On the intriguing new eight-episode Cinemax series Quarry, created by Michael D. Fuller and Graham Gordy and based on the best-selling books by Max Allan Collins, U.S. Marine Mac Conway (Logan Marshall-Green) returns home to Memphis from Vietnam in 1972, only to find himself demonized for the actions he witnessed and took part in while he was there. Struggling to make ends meet, Mac, who evolves into Quarry, is lured into an underground killing network of powerful criminals that turns his life upside down.
During this exclusive interview with Collider, showrunners Michael D. Fuller and Graham Gordy talked about why they wanted to tell this story, teaming up with Greg Yaitanes, who directed every episode of the season, the films that inspired the project’s cinematic language, what makes Mac such an interesting character, the challenges of finding the right actor for the role, and just how far ahead they’ve thought about this story.
Collider: What was it about these characters that made you want to tell this story?
MICHAEL D. FULLER: We try to always start from a place of character, first and foremost. That’s the way that we hook into a story, really. If you can come up with great characters, you can put them in a whole host of situations and it will hopefully be entertaining and engaging, and the characters really helped inform the story. And Max Allan Collins’ books, which the show is based on, gave us a great template for our main character. They start at a place where he’s already a pretty baked entity. He’s already completely formed into this hitman persona. So, we wanted to tell that origin story and talk about how he got there and what the elements in his life were that got him there. We had a lot of great tools, in terms of The Broker’s network, and it was really fun to be able to pull those different elements in and have them mash up against each other.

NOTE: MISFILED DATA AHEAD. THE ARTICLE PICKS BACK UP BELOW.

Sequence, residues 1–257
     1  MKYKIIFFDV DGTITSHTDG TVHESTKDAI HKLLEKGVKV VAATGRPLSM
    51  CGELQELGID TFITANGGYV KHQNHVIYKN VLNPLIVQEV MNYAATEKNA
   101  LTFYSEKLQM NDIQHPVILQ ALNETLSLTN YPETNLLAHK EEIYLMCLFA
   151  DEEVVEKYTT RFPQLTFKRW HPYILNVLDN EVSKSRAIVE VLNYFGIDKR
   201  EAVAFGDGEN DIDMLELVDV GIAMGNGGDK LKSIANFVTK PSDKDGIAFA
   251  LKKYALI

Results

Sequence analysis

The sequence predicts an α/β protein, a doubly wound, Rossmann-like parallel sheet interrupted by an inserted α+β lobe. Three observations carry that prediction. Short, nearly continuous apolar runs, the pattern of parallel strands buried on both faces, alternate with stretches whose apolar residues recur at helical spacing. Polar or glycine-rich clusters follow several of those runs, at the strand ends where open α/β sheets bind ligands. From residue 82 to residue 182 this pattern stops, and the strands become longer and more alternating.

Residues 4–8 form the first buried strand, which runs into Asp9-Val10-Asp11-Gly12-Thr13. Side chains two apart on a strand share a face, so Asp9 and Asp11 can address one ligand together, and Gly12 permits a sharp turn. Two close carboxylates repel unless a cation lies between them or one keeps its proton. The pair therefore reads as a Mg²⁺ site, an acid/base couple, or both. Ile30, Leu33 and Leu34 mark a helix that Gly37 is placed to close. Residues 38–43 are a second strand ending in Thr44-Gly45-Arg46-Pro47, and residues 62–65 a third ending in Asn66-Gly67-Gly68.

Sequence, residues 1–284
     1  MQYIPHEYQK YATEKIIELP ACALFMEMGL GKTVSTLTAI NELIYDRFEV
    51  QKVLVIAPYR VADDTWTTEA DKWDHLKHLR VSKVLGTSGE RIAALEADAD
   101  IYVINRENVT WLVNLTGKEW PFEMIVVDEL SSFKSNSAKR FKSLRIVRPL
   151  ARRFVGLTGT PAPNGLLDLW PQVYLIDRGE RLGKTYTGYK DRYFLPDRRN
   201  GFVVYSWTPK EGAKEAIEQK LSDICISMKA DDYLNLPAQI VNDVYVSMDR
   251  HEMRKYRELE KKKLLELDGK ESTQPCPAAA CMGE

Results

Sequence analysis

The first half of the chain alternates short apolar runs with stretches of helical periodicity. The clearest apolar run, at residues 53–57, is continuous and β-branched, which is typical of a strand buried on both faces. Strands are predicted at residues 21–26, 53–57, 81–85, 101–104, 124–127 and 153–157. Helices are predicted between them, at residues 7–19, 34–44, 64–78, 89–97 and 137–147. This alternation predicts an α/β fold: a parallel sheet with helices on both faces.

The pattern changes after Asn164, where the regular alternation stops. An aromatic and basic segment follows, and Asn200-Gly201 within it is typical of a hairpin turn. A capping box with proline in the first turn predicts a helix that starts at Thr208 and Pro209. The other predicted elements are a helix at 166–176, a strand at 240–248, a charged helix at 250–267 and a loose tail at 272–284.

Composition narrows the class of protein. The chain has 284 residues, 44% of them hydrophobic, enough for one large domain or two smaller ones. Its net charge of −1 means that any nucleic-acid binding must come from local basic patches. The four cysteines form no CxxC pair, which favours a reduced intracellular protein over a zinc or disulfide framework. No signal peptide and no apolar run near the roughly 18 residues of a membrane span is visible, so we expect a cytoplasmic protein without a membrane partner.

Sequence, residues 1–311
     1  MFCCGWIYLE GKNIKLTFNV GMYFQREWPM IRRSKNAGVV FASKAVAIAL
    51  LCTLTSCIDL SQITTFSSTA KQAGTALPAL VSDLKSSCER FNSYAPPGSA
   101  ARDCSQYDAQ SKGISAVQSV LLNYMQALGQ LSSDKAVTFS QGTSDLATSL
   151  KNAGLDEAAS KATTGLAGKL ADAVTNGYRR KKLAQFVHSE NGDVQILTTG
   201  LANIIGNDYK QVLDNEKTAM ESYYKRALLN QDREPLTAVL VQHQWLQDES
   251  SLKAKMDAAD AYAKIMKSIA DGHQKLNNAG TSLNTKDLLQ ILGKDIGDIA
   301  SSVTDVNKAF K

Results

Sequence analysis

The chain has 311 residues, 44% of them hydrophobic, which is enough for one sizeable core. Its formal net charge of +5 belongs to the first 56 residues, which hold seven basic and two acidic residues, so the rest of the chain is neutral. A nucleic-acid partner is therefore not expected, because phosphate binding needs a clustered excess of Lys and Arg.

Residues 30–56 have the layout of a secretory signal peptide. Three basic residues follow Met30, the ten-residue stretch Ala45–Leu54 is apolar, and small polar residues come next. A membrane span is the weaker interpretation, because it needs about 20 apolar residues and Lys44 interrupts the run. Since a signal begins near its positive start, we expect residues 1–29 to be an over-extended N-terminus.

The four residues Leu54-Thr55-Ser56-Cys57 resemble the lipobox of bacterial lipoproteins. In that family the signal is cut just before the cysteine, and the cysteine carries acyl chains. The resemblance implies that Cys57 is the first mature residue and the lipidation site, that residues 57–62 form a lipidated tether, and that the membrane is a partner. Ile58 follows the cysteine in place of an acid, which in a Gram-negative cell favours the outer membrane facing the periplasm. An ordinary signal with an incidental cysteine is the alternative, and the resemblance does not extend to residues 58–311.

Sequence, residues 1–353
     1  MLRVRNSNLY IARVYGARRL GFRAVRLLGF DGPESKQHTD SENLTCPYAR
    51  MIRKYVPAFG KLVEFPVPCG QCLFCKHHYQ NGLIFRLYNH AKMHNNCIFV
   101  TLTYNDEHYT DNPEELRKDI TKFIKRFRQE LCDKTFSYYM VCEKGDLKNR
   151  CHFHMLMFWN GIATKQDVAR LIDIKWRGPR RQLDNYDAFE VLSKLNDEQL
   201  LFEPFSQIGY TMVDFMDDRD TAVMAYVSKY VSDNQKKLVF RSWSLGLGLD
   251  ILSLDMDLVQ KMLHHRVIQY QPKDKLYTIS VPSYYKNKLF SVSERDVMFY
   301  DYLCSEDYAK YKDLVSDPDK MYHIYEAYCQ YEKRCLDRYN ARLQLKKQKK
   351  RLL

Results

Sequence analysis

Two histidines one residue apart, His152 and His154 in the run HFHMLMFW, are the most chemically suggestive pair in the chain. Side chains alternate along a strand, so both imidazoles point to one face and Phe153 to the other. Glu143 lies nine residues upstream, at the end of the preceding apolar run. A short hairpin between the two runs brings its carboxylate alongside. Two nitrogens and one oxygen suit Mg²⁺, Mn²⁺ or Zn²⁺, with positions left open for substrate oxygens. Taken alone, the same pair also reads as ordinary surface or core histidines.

How did you end up teaming up with Greg Yaitanes, as the director for every episode this season, and why was he the best choice?
GRAHAM GORDY: Cinemax had bought the pilot, and then ordered back-up scripts, and then ordered a season. They had a strong and successful history with Greg, in the past, and they recommended him and brought him into the process, so we met with him and talked with him. We spent so much time researching this and working on it, and we had our go-to template, in terms of films of the early ‘70s and things that really inspired us. He really took to that and was really there to fulfill the vision of what was in the scripts.
FULLER: To get into the weeds of production a little bit, having one director allows you to cross-board, which means you can knock out a lot of aspects of the show, organizationally, in a way that you couldn’t do, if you were doing it episodically or shooting in blocks. The affinity that Greg had for the films of the era, that were also touchstones for us, gave us a shared touchstone to really draw from. As you’re moving forward, it helps to move swiftly and deftly because it’s more focused, in terms of the brain trust of Quarry.